As the owner of German Shepherd dogs (GSD) over the years we have spent plenty of time in Veterinary Clinics making sure our "fur-babies" are in pain-free, good health for traveling with us in our motorhome.
|"Tasha" with Robin at the top of the stairs|
with cousins Megan and Laura
"Tobi" was a White Shepherd who loved to run, jump for Frisbees, and, thankfully, was generally in good health. She died from heart disease.
"Krissy", on the other hand, was a medical nightmare and we have lots of X-RAYS to share.
"Star" was in relatively good health to the end. You'll read her story below.
"Shade" or "Miss Shady Lady" as she is now known has taken over our household for the past 1.5 years. At age 5 her only issue is keeping her nails trimmed.
Meet GSD #3 "Krissy"
Krissy loved to play ball and her favorite toy was a "Kong". While RVing in the Quartzsite, AZ desert the fetched Kong would be covered in her saliva and collected gravel and rocks that eventually made it to her stomach.
The first x-ray shows quite a collection of stones that were in her system. The Vet suggested a technique that basically "starves" the dog for a couple of weeks before she would try to pass them. She had to drink Pedialyte to replace her water and electrolytes and, eventually, we were told she would regurgitate (vomit) the stones without having to pass them through her digestive track.
Photo #2 shows them "collected" in the bottom of the stomach and, YES, she did toss them out onto our home deck and we could actually see very specific stones that were visible in the x-ray.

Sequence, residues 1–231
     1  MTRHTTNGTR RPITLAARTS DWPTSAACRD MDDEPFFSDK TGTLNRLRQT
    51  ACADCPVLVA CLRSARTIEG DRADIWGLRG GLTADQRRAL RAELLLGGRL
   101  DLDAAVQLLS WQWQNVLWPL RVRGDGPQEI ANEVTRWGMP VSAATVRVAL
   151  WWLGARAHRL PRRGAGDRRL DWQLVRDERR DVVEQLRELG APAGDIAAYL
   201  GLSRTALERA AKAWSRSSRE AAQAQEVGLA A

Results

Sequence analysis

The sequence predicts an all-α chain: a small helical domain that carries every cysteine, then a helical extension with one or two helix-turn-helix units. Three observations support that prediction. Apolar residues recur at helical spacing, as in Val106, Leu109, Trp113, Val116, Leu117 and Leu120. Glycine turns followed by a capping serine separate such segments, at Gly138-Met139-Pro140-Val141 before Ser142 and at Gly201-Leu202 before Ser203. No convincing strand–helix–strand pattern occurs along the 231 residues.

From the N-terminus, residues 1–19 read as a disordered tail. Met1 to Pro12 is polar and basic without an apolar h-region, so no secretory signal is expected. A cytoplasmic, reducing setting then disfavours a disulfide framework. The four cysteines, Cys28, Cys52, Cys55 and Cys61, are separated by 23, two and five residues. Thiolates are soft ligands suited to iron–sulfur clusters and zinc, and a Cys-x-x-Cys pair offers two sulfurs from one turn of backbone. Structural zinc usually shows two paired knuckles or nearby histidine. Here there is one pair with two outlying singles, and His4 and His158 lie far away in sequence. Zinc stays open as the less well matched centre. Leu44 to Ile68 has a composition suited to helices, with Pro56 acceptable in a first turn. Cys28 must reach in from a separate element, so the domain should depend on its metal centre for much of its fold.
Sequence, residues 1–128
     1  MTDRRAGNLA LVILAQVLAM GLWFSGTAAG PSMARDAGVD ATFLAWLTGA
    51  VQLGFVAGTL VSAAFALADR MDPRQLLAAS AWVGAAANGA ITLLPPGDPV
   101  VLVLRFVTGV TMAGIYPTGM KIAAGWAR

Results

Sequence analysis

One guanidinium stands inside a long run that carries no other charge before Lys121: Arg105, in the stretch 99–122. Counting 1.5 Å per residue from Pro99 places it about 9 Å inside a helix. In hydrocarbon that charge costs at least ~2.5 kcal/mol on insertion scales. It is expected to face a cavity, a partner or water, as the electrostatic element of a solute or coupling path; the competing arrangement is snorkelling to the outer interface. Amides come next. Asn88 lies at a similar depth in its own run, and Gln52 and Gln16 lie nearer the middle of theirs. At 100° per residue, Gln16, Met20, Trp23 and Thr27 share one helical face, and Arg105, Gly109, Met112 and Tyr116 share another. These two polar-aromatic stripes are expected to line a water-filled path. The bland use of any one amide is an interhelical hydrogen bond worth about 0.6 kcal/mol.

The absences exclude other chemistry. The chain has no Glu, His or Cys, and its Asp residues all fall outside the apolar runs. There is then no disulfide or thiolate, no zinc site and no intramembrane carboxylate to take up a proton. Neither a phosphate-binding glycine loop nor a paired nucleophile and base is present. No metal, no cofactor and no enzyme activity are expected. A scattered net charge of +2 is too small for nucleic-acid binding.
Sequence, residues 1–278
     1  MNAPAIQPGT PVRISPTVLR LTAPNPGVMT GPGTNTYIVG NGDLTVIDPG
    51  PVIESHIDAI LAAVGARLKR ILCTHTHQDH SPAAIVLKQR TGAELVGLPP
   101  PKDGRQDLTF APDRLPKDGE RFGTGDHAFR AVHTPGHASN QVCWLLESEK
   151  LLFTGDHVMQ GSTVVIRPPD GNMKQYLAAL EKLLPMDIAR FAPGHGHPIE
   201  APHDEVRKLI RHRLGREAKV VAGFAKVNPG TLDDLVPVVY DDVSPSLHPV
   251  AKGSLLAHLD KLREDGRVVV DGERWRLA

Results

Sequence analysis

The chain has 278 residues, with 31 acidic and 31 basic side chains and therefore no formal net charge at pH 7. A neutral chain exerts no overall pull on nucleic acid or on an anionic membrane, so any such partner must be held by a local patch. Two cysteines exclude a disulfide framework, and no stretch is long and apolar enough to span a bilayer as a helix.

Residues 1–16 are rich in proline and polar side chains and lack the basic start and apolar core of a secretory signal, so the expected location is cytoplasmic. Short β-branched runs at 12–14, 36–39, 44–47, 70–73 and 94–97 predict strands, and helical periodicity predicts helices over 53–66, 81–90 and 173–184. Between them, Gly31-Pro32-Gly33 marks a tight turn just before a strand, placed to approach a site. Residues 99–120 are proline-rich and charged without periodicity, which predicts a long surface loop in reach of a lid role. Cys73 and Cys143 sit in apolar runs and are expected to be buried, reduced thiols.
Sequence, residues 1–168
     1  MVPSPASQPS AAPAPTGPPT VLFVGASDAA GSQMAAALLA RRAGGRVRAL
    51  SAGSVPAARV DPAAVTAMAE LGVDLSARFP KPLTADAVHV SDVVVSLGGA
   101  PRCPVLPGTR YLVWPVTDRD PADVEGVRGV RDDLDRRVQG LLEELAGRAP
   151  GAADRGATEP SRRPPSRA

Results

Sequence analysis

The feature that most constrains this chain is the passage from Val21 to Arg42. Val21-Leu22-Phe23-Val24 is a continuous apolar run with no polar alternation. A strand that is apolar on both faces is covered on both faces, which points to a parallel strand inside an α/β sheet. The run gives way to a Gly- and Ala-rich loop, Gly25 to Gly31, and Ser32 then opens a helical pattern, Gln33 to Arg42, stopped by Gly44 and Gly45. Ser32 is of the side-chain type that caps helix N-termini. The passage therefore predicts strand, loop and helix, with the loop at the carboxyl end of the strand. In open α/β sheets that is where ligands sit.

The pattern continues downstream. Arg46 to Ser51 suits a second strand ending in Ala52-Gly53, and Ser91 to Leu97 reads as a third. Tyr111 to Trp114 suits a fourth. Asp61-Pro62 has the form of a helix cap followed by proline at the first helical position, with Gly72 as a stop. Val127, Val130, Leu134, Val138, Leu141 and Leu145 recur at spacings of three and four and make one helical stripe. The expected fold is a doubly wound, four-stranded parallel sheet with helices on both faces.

KRISSY AND "BLOAT"
Here is a description of "Bloat"
Dog bloat is a common condition that can be dangerous, even deadly. Dogs who have it need treatment right away. Know the signs so you can recognize when your pup needs help!
What Is Dog Bloat?Bloat happens when a dog’s stomach fills with gas, food, or fluid, making it expand. The stomach puts pressure on other organs. It can cause dangerous problems, including:
Krissy survived her gastric dilatation volvulus (aka, bloat, stomach torque, or twist). A late night trip to a Vet directed us to an Emergency Veterinary Hospital in nearby Roseville, Ca. She nearly died on the 30-mile trip but a 3:00 a.m. surgery saved her. Basically, the Vet performed major surgery to "untwist" her stomach that had spun around in her body cavity like you twist a balloon to make toy shapes. As part of the surgery she had part of her spleen removed, too. As you'll read next, that would become a future issue.
BELOW: Hubby Luke comforting Krissy following her surgery for bloat. She was eventually cleared to travel with us on our planned cross-country trip to Pennsylvania .
Just before leaving PA that summer, Krissy quit eating and was once again showing signs of bloat. A local Vet took new x-rays and then had us come into her office as she explained that the procedure used by the first surgery Vets had left her remaining spleen loose enough that it was now wrapping itself around Krissy's esophagus passage to her stomach. Time for another major surgery.
Ah, the dreaded cone of recovery was even more exciting once she was back in the motorhome. She was allowed to travel but we had to find a Vet in Branson, Missouri to remove her stitches. She made it home to Cool, California and later died from heart cancer.
MEET MISS STAR
Miss Star was our 4th GSD and we had her for 7.5 years until she passed at age 13 while on another family visit to PA. We like to say she had 100,000 miles on her! It was only in her last couple of months that her quality of life became an issue. She did develop "hip dysplasia" but it didn't really cripple her until her very end of life. She finally had inoperative cancer throughout her organs.
You can CLICK THIS LINK TO READ MORE.
The hip joint includes a ball at the top of the rear leg bone (head of the femur) and a socket in the pelvis (acetabulum). When a dog has hip dysplasia, the connection of the ball and socket fits poorly. Typically, there is laxity (loose joint) and instability in the joint. Because of the abnormal connection, movement of the leg causes deformity of the joint. Over time, the cartilage in the joint wears down. Scar tissue and abnormal bony growths (osteophytes) develop. The damage in the joint makes it gradually more difficult for the dog to move the leg without pain and restricted range of motion.